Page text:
Thursday, 1 November 2012

How about we dig our heads out of Coney Island sand?

It is too early to appreciate the long-term impact of Hurricane Sandy, but already there are stirrings of unease, perhaps a dawning sense that we are indeed in a brand new ballgame. And no, I do not refer to the (yawn) presidential foolishness. This is something much more visceral and serious.

I wish I had a copy of something a woman read a year or so ago down at the Poets’ House in its old Soho location. She explained that somewhere on an island off Lake Michigan, I believe it was, a tiny group of a half-dozen birds representing the last of their species being driven into extinction, was observed by naturalists. Little by little, she described in her short piece, they stopped flying out to feed or gather debris for their nests and simply huddled together in a seizure of dazed passivity.

The story has stuck in my mind.

As disasters go, this storm is nothing special, and plenty of places around the country and the world go through much worse on a regular basis. But this is New York City, home of the masters of the universe and their ruling banks—this is not supposed to happened to us.

I dare to predict that Romney’s pathetic trashing of FEMA as part of his four-legs-good, government-bad litany is going to be ditched (although I see he lamely attempted to whip up the right-wing talking point about how ‘just folks’ will pitch in to help their neighbors without any bad old gummint getting in their way). It’s pretty hard to stand there with the waters lapping at your ankles and argue that the private sector should somehow magically come to the rescue and pump the water out of the subway tunnels.

But now that the storm-of-the-century now occurs once every few months, the non-topic of climate change is going to force its way back onto the agenda. No doubt the oil companies and their intellectual enforcers, like the cigarette companies before them, will find a way to adjust to the new conditions and shift their discourse away from total denial to something that will enable them to extend the delays and keep their earnings intact.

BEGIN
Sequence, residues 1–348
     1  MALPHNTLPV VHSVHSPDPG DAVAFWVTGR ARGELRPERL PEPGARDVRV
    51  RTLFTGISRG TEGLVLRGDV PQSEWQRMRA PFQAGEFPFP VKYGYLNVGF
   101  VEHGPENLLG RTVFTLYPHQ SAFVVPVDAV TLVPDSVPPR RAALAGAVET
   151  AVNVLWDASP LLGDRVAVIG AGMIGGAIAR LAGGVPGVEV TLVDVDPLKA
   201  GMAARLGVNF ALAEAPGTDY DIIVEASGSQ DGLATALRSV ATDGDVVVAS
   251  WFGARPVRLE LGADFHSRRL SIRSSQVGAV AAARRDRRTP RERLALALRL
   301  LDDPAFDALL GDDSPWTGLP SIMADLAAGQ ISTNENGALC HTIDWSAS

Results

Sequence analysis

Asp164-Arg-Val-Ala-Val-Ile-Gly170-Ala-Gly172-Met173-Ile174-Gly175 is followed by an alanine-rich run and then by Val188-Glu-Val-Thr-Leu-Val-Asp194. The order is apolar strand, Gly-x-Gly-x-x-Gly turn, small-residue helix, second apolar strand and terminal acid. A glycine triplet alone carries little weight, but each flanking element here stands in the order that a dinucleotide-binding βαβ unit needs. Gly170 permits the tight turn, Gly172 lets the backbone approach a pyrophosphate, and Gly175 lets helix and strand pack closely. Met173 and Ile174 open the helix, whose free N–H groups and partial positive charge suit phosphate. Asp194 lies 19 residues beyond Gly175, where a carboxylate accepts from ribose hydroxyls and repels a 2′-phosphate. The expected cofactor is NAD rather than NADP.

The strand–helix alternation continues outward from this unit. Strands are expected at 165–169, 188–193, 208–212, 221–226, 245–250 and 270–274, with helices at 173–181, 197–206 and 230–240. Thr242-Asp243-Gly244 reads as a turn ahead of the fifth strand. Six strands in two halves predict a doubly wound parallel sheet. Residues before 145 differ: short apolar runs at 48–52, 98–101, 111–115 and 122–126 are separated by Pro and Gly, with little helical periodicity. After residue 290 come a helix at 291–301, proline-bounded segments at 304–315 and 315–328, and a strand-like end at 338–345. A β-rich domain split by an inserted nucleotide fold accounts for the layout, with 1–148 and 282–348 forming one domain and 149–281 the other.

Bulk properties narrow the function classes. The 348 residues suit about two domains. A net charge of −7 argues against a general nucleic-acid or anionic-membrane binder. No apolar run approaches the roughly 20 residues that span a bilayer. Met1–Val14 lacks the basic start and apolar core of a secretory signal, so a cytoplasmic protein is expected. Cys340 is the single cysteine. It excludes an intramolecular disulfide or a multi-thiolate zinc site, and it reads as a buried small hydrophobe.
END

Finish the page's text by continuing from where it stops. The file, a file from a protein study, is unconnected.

But what we really need is a sharp break from the Pollyanna past in which mindless pseudo-debates over the reality of climate change have been permitted to block the screamingly urgent need for immediate action. Back during the run-up to the Iraq war, Condie Rice and her thugs used to go on TV to warn ominously that we could not afford the luxury of a ‘mushroom cloud’ error if we got the facts wrong on Hussein’s weaponry. You don’t hear much about the need to act on greenhouse gases even if there were lingering doubts about the science—which there aren’t—despite the many mushroom clouds in our collective future.

That’s why Obama will be marked by future generations of historians—if there are any—as a presidential failure. Not because he’s done such a terrible job overall, but because he had a tiny, platinum opportunity to rip up business as usual and set the country on a different path, and he refused to use it. Even if he had been crushed by the security state and the financier elites, he could have opened up the needed debate and staked out positions on the issues that can and probably will kill us, such as the looming climatic disaster. Instead, we remain leaderless.

This impassioned open letter by Wen Stephenson to former journo colleagues printed in The Phoenix from a mainstream idea-meister is a good example of what we needed then and now: he describe the safe, cautious world in which he found himself when he realized that he was part of an unconscious old-boys consensus to indulge the two sides and avoid open disbelief of bullshit because it constituted a career-busting display of ‘advocacy’. He quit his job and has become a full-time activist on the issue, picking up the old ACT-UP slogan in their fight against AIDS: Silence = Death.

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